Do Everything at Game Speed. During practices, Coach Auriemma has his players do every drill with the same speed and intensity that they would do in a game. This increases the focus, effort, intensity and results of each practice and makes the game just as hard if not easier than practice.

Have your officers run their committee meetings just like they would a chapter meeting. This way chapter officers know exactly how to present in chapter and committee members better understand their role in the larger meeting.

Own What You Teach. Auriemma also talks about the flaws in trying to teach things you don’t fully understand. If you don’t fully understand the topic, the first question when adversity hits could derail the entire operation. Become an expert, study and learn how to apply what you want to teach in every situation.

Similarly, if you find an idea you really like in the Best Practices Library, be sure to reach out to the chapter that created it to ask questions to fully understand the material. If your Leadership Consultant brought up a great idea during his visit, follow up with him to get additional advice on implementing the new approach.

Have Contingency Plans. For the NCAA Tournament or other conference tournaments, Coach Auriemma likes to plan as if what he wants to do won’t work. For instance, Auriemma is known for drawing up three different ways to start each play, just in case the first approach doesn’t work.

At some point, something you wanted to do – be it a social, philanthropy, or chapter retreat – won’t work. So always have a backup plan.

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Give your chapter meetings (and chapter culture) a makeover

Here’s a small excerpt from a must-read piece by Martin Lindstrom:

The first thing I do during the course of my change-agent work for Fortune 100 companies is to establish the 4:30 rule. The maximum number of people in any meeting should be four, and meetings should never last any longer than 30 minutes. No phones allowed. You may think this a little radical but, if you want to act entrepreneurial, then these are the most important steps to take.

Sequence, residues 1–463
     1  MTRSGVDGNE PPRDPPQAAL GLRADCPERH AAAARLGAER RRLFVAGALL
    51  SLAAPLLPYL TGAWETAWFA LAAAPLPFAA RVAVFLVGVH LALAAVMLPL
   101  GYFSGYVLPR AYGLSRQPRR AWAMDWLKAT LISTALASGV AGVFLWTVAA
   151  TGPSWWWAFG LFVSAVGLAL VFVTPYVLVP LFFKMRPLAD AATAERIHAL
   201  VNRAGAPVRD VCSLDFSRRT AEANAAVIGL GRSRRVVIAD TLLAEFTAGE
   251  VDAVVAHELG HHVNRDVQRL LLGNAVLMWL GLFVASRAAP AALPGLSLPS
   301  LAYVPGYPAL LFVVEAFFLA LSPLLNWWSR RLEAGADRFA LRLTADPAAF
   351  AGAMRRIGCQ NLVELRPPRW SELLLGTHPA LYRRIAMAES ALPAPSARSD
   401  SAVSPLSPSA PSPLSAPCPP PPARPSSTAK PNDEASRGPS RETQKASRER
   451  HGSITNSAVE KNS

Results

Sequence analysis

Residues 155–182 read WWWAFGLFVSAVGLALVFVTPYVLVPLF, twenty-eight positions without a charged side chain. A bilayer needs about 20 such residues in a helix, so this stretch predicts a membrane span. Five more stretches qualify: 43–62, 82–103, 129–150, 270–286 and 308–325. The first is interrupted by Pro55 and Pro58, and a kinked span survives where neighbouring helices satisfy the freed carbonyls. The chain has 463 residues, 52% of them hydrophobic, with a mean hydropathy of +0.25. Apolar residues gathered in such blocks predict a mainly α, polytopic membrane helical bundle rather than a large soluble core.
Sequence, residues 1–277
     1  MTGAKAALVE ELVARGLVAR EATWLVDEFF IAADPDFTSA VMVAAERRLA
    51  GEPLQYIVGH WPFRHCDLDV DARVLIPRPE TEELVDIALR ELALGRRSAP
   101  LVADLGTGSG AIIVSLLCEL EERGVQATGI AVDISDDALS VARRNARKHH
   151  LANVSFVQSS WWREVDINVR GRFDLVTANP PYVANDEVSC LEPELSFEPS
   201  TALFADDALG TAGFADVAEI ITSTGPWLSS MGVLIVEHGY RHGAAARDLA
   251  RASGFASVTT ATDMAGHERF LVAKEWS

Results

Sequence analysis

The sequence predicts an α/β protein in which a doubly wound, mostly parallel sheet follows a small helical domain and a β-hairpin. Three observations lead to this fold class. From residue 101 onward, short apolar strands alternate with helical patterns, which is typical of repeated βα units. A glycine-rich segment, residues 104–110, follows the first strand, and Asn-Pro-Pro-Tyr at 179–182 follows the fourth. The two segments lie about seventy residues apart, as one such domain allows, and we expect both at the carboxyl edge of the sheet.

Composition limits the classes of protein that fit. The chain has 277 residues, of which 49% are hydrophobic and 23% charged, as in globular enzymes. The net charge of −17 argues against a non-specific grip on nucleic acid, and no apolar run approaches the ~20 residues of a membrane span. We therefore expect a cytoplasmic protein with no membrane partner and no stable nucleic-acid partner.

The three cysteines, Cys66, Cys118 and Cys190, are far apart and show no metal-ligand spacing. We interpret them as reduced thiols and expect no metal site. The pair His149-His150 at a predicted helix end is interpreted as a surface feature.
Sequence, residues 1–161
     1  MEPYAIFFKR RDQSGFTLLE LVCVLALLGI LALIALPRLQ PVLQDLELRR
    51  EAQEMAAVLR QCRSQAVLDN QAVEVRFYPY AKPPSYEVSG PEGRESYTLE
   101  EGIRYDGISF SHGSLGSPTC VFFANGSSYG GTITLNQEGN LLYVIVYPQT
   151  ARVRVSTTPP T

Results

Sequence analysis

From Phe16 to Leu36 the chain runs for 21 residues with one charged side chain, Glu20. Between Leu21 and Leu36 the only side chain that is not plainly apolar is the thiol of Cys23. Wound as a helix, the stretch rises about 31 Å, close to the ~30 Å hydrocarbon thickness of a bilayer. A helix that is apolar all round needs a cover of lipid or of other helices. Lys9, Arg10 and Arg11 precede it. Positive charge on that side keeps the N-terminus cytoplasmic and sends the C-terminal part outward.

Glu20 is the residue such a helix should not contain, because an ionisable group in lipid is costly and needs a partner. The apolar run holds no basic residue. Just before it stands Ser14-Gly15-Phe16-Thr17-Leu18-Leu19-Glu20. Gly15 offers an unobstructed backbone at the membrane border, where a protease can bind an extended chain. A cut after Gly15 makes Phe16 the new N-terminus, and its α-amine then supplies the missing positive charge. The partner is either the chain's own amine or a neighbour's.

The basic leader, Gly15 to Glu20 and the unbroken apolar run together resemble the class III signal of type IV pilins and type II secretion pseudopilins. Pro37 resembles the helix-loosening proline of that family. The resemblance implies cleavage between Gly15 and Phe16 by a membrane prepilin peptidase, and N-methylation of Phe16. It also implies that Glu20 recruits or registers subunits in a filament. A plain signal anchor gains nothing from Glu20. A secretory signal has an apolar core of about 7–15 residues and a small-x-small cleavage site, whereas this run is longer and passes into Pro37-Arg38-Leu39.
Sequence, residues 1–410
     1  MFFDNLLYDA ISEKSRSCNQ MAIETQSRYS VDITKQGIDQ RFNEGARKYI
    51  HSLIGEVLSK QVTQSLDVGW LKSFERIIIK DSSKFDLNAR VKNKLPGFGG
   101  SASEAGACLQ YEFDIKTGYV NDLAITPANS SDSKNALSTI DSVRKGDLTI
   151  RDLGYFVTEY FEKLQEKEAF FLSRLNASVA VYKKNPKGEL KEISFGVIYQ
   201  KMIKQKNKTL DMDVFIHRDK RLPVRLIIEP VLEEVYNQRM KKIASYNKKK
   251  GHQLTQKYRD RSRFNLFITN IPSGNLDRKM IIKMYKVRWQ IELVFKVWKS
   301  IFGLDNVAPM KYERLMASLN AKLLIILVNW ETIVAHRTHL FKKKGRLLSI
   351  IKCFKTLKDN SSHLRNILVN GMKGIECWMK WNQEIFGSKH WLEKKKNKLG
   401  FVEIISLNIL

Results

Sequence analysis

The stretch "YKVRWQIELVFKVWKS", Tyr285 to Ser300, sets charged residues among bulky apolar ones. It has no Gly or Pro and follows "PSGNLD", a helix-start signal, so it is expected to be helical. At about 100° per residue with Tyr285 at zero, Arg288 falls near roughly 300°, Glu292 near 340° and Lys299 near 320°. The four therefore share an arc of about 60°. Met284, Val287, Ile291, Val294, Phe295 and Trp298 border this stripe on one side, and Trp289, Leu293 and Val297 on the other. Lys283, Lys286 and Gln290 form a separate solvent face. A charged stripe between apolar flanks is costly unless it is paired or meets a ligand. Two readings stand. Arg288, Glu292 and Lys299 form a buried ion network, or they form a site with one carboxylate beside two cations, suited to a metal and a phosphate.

If you’re able to get the right people into one room over two days, the stage is set. Make sure the room is far from the office and prep everyone on the notion that it’s essential to not only come up with ideas for change, but actually lock them in by the end of the second day. If the incentive is great enough, and everyone’s prepared to roll up their sleeves, in my experience, it will happen.

Do yourself a favor and set aside 5 minutes to read the full story.

How could you apply Lindstrom’s other ideas to your chapter?

Senioritis: searching for the cure

By Nick Claghorn (Indiana)

As of now, most colleges and universities have started the 2011-12 school year, which means thousands of students are in their senior year. You may be one of those seniors and you look back on your college career and see that you’ve accomplished a great amount. Senioritis may kick in (or already has) and you’ll experience a lack of motivation. Don’t let this be the death of you as an active fraternity member – there’s still plenty for you to do!

Thanks to my graduate professor, I have been introduced to a theory called the ‘Equity Theory’ which states that ‘individuals think about what they put in to the organization and then think about what they receive in return’ – pretty simple. The more you give, the more you receive. However, common sense would tell us that this is not always the case.